01.05.10 Music Week 3
Third annual event buoyed by a host of live activity and exclusive releases
Record Store Day hailed a success as indie takings rocket fourfold Retail By Ben Cardew
Saturday superstore: 800 fans queued outside Rough Trade East to secure their RSD exclusives…
ENTERTAINMENT RETAILERS ASSOCIATION director general Kim Bayley has called on record labels to support independent music stores with exclusive releases throughout the year, after the success of Record Store Day 2010.
The third Record Store Day took place around the world on April 17, with more than 150 stores in the UK taking part.
High-profile exclusive releases from acts including Blur, The Rolling Stones and The Beatles led to an 800-strong queue outside London’s Rough Trade East before the store opened, while physical singles sales through the indie sector were up 450% weekon-week and 96% on last year’s RSD week. Physical album sales though indie stores were up 9% week-on-week and up 11% on last year’s RSD week.
Rough Trade East store manager Spencer Hickman, who coordinates Record Store Day in the UK, says these figures may actually understate the surge at the tills, with sales at his store up 633% week-on-week. And this was by no means limited to London: the Drift Record Shop in Totnes, Devon, reported sales up 300% on the average Saturday, while Avalanche in Glasgow said it had its second-highest takings in its 13-year history.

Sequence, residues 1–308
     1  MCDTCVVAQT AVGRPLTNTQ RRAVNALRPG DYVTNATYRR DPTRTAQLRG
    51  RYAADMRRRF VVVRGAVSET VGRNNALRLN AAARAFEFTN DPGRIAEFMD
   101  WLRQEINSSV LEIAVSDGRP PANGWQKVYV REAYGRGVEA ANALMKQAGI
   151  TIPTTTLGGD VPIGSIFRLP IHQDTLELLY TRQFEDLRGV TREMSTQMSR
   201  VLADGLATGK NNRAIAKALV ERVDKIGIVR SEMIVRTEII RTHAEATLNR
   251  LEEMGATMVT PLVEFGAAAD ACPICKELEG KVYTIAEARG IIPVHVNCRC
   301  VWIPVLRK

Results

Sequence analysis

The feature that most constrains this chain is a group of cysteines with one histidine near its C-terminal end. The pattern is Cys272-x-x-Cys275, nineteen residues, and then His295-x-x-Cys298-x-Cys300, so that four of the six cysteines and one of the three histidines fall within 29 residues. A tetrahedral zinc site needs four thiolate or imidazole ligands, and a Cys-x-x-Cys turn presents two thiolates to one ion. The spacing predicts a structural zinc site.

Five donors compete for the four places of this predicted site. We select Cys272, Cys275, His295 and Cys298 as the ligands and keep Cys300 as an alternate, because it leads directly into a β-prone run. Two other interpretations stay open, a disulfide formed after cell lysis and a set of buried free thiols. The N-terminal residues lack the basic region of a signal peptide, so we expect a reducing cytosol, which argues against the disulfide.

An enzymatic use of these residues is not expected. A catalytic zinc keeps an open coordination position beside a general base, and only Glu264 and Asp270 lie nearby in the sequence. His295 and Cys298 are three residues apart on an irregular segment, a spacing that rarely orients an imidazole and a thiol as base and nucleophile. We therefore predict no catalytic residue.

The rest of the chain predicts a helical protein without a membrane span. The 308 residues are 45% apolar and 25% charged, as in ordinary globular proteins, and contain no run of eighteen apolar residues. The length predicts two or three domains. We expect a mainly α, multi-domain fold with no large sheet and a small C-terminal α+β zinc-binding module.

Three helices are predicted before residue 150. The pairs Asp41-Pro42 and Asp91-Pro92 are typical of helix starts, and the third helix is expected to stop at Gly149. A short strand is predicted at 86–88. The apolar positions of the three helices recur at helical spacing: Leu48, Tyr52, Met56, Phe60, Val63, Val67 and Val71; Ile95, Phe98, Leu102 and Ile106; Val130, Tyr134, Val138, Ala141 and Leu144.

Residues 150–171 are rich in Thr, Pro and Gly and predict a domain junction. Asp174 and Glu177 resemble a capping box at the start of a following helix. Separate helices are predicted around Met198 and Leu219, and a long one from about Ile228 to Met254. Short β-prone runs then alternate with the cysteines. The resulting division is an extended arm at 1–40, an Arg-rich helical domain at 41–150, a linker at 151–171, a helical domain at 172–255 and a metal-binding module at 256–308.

“RSD has grown so much over three short years,” says Hickman. “It could end up being one of the biggest music celebration days on the calendar. It is about engaging the customers and getting them back in the whole year round.”
“Record Store Day has grown so much in three years… it could end up as one of the biggest music celebration days on the calendar” SPENCER HICKMAN, ROUGH TRADE EAST
This ripple effect will be key for Record Store Day in the future. Hickman says some punters from last year’s RSD have now become regular customers at Rough Trade East, while Bayley says she would like to see the achievements of RSD replicated throughout the year.
“As ERA we would like to see something more than one day of the year,” she explains. “There is a great enthusiasm for collectible vinyl, for example. There is the potential for labels to do this for more than one day a year. We are
Best intents US retail giant comes to UK
Best Buy has confirmed it will offer “a substantial music section” when it launches in the UK. The US company, which is an important music retailer on the other side of the Atlantic, opens its first UK store in Thurrock, Essex, this Friday (April 30). Stores in Southampton and Merry Hill will follow, with the company predicting it will create 5,000 jobs in the UK over the next five years. The company says it does not wish to give specifics on what will be on sale in Thurrock “but there will be a substantial music section”. Napster could also be set to benefit from Best Buy opening here: the US company bought Napster in 2008 and also owns a 50% stake in Carphone Warehouse’s retail interests.
…while at Rough Trade West, bands including The Magic Numbers entertained the public
thinking about how we can get people coming back to these stores on other days.”
Hickman says he will also start talking to labels about offering exclusive releases all year round when he gets back from holiday. However, the question remains as to who would manage these releases: Hickman oversees RSD on a voluntary, unpaid basis, while the Coalition of UK Indie Stores – a group of 25 leading independent record store across the UK which has previously shared exclusives – has been less active of late.
“A lot of people don’t live near [The Coalition] stores,” Bayley adds. “The plan is to introduce what The Coalition does across more stores.” Bayley explains ERA could lead this initiative – but only if indie stores want them to.